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Robots Podcast #231: CUBE Tech Fair, with Torsten Oelke

CUBE         


interview by
April 2, 2017

In this episode, Audrow Nash speaks with Torsten Oelkes, Executive Chairman of CUBE, about the CUBE Tech Fair. The CUBE Tech Fair is a conference that takes place in Berlin in May that seeks to facilitate connections between companies. The Tech Fair also features a start up competition where the winner will be awarded 1,000,000 without exchange of equity or debt. In this interview, Toresten talks about CUBE’s business model, the robotic companies they’re affiliated with, the CUBE Tech Fair, and the 1,000,000 prize.

 

Torsten Oelke

For the past 15 years Dr. Torsten Oelke has been an active player in the German digital economy. As a businessman, he built up companies and incubators. Besides his business activities, he serves as advisor to the German Minister of Economic Affairs.

Torsten is the Executive Chairman of CUBE , a global ecosystem to connect startups with leading industry players. He has assembled a team of international experts with extensive experience with industry and startups. CUBE is backed by several board members of global corporates across industries.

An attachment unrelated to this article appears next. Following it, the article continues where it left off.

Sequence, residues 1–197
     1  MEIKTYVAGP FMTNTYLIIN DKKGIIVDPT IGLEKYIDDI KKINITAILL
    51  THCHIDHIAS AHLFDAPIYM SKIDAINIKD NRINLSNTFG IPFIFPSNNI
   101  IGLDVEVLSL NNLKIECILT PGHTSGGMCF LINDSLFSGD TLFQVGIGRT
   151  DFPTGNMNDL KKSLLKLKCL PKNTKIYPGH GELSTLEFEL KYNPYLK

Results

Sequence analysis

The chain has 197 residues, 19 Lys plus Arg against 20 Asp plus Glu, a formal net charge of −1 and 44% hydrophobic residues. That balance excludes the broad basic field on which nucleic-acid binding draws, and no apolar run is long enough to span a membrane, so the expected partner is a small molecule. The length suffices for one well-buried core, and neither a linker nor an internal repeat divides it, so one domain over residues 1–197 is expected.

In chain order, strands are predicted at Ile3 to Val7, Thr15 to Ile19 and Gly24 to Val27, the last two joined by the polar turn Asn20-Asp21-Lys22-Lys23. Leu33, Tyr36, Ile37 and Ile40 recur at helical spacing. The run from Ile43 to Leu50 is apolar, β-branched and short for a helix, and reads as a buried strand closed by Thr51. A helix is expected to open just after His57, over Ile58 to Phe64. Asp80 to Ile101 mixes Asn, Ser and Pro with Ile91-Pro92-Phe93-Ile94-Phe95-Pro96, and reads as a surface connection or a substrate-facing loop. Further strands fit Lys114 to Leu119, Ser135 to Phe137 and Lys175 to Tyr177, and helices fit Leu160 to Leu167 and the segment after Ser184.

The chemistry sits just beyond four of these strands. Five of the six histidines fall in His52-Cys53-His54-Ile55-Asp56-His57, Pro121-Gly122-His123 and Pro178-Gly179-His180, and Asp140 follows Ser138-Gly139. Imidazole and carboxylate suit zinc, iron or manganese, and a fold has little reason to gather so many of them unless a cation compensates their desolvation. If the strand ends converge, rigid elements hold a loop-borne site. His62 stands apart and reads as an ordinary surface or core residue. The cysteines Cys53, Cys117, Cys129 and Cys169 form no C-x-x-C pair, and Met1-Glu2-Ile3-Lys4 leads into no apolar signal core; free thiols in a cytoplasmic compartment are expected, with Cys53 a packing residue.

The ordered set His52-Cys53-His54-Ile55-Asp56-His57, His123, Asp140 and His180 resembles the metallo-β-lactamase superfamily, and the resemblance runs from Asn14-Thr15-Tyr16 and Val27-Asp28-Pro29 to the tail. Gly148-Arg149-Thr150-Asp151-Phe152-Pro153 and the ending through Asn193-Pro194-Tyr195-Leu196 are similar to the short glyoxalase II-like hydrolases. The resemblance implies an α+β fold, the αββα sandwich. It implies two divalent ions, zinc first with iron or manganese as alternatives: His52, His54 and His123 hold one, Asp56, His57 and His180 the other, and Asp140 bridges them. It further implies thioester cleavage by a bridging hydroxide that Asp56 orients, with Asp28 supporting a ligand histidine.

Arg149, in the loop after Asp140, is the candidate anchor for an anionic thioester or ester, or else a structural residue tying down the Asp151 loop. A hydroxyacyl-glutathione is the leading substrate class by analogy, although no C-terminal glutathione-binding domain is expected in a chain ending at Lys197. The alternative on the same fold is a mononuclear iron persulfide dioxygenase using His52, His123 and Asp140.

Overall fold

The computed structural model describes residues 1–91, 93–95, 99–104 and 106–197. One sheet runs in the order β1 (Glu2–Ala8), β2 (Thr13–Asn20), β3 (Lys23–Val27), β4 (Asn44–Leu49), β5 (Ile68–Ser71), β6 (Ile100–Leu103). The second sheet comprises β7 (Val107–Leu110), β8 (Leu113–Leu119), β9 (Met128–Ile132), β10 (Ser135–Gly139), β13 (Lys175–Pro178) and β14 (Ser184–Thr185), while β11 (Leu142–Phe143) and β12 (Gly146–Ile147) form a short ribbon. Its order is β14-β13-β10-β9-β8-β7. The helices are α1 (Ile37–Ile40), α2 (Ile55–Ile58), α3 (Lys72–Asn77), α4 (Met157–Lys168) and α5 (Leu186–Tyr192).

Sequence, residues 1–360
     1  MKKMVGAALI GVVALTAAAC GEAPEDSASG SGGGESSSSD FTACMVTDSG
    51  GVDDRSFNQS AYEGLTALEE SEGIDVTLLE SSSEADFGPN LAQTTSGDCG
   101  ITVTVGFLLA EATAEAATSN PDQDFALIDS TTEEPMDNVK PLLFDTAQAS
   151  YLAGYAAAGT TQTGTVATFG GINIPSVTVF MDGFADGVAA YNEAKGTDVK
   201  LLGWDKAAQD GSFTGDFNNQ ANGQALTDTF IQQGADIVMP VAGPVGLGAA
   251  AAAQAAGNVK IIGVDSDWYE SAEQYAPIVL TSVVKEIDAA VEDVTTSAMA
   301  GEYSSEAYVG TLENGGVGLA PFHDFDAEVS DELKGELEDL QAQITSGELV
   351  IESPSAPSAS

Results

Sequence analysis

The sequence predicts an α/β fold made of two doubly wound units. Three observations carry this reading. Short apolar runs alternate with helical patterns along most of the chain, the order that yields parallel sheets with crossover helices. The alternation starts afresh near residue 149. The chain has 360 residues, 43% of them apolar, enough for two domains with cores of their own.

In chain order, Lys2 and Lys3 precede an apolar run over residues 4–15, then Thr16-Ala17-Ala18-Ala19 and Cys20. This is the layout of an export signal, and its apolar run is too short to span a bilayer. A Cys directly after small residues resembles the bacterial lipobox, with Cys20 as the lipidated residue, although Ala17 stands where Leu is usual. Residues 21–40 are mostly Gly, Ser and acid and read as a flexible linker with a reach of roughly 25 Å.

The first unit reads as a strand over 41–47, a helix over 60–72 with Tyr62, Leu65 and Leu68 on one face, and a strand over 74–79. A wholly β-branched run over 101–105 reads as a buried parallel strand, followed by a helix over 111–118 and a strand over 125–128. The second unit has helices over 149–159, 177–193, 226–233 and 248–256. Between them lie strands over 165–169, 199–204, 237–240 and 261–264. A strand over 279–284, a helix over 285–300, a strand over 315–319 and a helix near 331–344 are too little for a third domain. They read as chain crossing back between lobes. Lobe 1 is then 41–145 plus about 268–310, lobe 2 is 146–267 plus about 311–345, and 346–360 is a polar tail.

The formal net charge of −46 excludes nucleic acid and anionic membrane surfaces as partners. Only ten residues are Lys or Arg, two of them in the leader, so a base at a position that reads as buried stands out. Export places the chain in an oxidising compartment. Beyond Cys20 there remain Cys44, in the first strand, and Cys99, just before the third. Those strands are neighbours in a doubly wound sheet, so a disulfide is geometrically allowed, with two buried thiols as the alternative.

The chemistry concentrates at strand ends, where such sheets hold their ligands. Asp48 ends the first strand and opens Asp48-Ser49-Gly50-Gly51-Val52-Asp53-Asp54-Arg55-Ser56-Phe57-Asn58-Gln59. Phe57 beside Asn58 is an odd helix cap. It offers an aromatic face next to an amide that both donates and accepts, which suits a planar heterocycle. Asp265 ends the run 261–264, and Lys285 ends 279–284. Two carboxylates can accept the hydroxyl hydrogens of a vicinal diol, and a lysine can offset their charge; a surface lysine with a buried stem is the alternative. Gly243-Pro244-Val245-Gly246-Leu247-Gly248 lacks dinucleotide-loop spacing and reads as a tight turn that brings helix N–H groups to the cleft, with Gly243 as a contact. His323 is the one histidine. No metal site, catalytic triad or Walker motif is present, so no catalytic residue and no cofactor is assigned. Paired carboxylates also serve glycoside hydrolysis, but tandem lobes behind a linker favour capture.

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Transcript


Audrow Nash:
Hi, welcome to Robots Podcast.

Torsten Oelke:
Hi, happy to be here.

Audrow Nash:
Would you introduce yourself?

Torsten Oelke:
Yes, I’m Torsten Oelke the Execute Chairman of CUBE, a Global Innovation Ecosystem.

Audrow Nash:
Tell me more about CUBE?

Torsten Oelke:
The main aim is to bring together the new innovations, from startups especially high-tech startups, cross industries, so from artificial intelligence to robotics of course on a global scale. To help them partner with big corporates, conducting more business for them and bringing these two sides, to establish one and the new innovation together.

Audrow Nash:
What stage of companies are you helping with CUBE, typically?

Torsten Oelke:
It’s a bit depending. Generally I would say the company should be in a stage where it has a product or service ready for market. It could be at least a pilot, it could be that they already have business and have a lot of projects running. You can’t define it by the exact Let’s say if they are one, two, three, four, five years around. This is especially in robotics, you see a lot of companies which were just founded in the recent years, but they have already great products and prototypes.

Audrow Nash:
Okay. Now tell me a bit about the CUBE Tech Fair.

Torsten Oelke:
Yeah, the CUBE Tech Fair is happening in May this year from the 10th to 12th of May in Berlin. We have, with the Berlin CityCube, one of the most modern halls in whole Europe with 12,000 square meters. What we’re doing there is that we showcase and let the high-tech startups all of our network exhibit and show their products and services to potential partners.

Audrow Nash:
Okay. Now tell me about the startups in your network. What do you mean by in your network?

Torsten Oelke: